Tyler said...

I read some things on this guy, and despite writing childeren's books, he's still a bad person.

Tookie refuses to renounce his gang membership and most astonishingly, he won't inform on other gang members who are out there stealing money, raping women and murdering people. He could help save lives, but, you know, the whole gang code is more important to him.

So, kill him, let him stay in prison and rot. Whatever. Just remember, despite positive strides and good behavior the last 10 years, is still a piece of crap.

"A con always will say one thing to you while the whole time he has another agenda."
--San Quentin spokesman

The Craig said...

Tyler the choice isn't between kinlling him or letting him go. Its killing him or life in prison w/ no parole. Is it worth it to kill him/

Tyler said...

Craig, I know. That's why I said "So, kill him, let him stay in prison and rot. Whatever."

I know its not about paroling him. Just thought I'd let people know hes a bad man. There's a lot of people who "reform" themselves in prison, but are still assholes. This guy is one of them.

Needed to make sure everyone know's he is essentially still a gang member (no matter how many kidde books he writes) who's gang he started has committed thousands murders, rapes, robberies and drug crimes.

Yeah, ok, I got off topic, but I gotta keep it real.

But, alright, lets weigh the evidence:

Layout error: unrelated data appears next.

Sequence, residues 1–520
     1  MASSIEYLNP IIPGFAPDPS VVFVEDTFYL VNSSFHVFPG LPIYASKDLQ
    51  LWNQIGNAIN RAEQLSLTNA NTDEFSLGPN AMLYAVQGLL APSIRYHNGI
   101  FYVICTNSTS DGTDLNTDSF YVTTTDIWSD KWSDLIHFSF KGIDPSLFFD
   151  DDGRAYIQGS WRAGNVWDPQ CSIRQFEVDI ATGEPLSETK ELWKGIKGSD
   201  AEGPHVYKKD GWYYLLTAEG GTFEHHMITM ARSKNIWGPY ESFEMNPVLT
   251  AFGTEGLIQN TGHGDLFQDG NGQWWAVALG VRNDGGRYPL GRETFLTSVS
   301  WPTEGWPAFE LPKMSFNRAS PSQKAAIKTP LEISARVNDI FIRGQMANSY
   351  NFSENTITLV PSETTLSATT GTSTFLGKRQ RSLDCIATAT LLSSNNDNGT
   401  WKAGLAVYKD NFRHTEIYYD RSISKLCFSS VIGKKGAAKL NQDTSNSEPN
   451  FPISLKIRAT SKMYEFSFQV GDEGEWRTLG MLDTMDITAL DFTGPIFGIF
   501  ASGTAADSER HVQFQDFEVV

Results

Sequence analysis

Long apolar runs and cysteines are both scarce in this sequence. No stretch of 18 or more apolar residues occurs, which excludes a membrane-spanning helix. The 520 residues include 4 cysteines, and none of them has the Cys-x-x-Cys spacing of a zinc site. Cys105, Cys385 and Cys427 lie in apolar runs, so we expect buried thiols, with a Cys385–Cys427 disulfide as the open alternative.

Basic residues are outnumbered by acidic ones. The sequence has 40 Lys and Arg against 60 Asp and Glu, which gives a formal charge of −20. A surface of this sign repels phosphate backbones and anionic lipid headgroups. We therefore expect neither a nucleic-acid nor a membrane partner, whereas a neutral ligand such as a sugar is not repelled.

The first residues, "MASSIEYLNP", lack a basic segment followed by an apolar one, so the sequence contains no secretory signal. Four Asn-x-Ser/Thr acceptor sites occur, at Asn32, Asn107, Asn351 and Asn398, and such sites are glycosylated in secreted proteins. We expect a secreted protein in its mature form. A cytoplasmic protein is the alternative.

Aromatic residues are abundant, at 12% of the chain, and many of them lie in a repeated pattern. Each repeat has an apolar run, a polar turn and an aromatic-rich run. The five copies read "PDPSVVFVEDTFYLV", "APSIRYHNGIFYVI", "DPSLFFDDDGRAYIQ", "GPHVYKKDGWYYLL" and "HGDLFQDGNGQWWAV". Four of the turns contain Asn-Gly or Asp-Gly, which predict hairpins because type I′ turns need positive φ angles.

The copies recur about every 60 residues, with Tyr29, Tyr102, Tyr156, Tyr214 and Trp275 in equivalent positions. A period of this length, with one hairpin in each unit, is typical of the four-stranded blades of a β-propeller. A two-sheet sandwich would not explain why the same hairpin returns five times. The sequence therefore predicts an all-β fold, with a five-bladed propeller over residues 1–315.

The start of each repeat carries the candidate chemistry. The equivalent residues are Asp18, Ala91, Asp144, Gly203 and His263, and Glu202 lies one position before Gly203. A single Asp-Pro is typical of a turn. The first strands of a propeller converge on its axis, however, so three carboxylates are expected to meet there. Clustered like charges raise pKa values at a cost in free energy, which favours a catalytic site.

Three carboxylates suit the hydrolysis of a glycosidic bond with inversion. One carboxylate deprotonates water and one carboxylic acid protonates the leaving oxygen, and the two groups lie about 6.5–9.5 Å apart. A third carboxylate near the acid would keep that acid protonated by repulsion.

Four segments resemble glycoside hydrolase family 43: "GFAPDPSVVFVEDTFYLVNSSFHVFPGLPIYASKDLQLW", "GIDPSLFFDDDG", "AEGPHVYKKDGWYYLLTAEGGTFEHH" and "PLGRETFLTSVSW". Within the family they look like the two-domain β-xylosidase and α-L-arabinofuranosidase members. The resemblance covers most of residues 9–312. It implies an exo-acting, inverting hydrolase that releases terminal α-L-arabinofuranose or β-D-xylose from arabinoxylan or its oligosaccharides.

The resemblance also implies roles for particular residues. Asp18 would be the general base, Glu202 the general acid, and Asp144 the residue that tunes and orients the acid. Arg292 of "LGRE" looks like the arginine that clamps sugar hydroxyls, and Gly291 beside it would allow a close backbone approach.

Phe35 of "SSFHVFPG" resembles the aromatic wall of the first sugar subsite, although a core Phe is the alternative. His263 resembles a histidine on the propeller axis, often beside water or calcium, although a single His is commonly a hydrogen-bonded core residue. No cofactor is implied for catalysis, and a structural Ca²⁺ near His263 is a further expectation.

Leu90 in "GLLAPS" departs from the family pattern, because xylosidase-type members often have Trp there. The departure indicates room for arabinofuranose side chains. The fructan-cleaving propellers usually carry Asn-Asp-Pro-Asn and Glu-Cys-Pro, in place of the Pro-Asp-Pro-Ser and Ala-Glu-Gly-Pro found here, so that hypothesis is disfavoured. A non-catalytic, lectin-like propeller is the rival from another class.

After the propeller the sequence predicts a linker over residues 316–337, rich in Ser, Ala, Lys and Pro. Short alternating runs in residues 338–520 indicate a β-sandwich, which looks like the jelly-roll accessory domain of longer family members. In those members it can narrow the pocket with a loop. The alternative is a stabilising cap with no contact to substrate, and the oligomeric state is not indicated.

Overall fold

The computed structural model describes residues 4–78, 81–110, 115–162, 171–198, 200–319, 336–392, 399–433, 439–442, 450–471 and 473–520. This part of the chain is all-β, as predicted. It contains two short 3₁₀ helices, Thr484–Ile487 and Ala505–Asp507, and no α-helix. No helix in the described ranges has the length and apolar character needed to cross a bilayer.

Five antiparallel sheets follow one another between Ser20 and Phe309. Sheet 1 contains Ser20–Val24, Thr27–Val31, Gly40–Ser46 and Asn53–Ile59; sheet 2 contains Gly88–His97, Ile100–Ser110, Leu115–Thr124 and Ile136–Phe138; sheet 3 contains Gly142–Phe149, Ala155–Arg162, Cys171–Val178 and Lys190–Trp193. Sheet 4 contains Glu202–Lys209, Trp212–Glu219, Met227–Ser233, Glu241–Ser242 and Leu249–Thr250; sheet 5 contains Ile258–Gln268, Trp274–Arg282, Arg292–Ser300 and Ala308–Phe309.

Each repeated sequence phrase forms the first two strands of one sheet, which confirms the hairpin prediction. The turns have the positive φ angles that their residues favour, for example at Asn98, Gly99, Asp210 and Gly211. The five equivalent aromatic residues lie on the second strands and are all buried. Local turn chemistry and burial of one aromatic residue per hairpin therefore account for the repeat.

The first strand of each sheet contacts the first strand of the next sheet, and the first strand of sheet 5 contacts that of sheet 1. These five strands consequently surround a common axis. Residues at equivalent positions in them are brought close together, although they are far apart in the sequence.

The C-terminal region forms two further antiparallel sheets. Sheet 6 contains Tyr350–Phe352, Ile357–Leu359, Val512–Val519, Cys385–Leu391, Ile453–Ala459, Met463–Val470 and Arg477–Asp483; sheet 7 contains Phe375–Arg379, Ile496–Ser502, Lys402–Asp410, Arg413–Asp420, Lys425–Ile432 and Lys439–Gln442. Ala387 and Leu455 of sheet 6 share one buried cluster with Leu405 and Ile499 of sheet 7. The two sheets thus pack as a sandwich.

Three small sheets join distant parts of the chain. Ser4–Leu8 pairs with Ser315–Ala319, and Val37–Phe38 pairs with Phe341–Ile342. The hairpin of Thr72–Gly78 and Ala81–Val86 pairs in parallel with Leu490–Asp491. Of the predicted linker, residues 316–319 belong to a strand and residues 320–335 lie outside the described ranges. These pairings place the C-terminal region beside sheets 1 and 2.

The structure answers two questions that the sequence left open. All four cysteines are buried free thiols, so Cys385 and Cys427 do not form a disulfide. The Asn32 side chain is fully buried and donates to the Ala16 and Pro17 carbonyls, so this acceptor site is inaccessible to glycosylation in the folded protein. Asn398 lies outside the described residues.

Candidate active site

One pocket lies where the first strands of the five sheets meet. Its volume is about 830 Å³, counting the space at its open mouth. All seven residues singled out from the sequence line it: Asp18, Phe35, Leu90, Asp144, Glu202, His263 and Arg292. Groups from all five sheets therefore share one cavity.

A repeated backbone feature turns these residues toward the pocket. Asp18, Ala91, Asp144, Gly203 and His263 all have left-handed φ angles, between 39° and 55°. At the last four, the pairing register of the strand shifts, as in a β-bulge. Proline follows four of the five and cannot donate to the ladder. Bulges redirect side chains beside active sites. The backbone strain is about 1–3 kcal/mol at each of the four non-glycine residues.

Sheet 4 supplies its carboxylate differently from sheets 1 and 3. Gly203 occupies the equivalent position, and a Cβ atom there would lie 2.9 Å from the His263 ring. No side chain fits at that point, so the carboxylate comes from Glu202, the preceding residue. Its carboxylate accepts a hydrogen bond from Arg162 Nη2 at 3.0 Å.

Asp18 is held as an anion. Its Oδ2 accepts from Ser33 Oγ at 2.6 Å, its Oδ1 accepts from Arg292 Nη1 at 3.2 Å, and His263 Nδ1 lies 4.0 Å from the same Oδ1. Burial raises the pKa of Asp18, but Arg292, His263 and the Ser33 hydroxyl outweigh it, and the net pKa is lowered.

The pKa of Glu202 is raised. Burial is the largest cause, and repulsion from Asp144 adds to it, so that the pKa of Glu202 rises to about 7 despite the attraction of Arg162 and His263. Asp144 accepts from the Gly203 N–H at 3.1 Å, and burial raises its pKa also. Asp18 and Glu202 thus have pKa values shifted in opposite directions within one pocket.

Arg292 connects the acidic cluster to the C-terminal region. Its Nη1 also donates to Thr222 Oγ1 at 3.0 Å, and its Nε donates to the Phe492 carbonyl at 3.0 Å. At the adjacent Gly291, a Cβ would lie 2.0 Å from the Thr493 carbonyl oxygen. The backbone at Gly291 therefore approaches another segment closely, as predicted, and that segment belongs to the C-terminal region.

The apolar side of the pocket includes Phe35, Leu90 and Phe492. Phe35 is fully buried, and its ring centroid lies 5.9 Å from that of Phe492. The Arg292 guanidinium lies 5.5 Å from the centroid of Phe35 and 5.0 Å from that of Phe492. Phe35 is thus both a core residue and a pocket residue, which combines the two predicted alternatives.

1.Killed 4 people
2.Won't renouce gang member status
3.Won't inform on other gang members
2.Founded gang that's responsible for 10,000 deaths in LA county alone.

1.Preached against gang violence
2.Wrote kids books

Kill him

Laura said... can you weigh decent acts against indecent acts? How can you say these good things he's doing have no value because of the bad things he did?

Perhaps he doesn't renounce his gang status because doesn't want alienate gang members he's trying to reach with his antigang message. Or perhaps he's a genuinely bad guy who wants to still be part of a gang. He's still putting a message out there that gangs violence is wrong, and that it will get you nowhere quick. If even one person is swayed by him, then the good he is doing matters.

See, the media and the government can tell these kids how bad gangs are and it will have no effect. But if Stan Williams says it, then it carries some weight.

He can't hurt people where he is, so the question of good guy or basically bad guy becomes moot. The real question (aside from the one about whether or not it's wrong to kill people) is whether he can potentially do some good. And he can, and he has. So, shouldn't something decent come out of the mess that he made? If he's telling kids that gangs are a bad idea, then he's doing good.

I'm sure he's an asshole. I don't dispute that at all. But we shouldn't be killing people just because they're assholes. If we must execute people, then the question should be, can this person do any good with what's left of his life? And if the answer is yes, then he shouldn't be executed.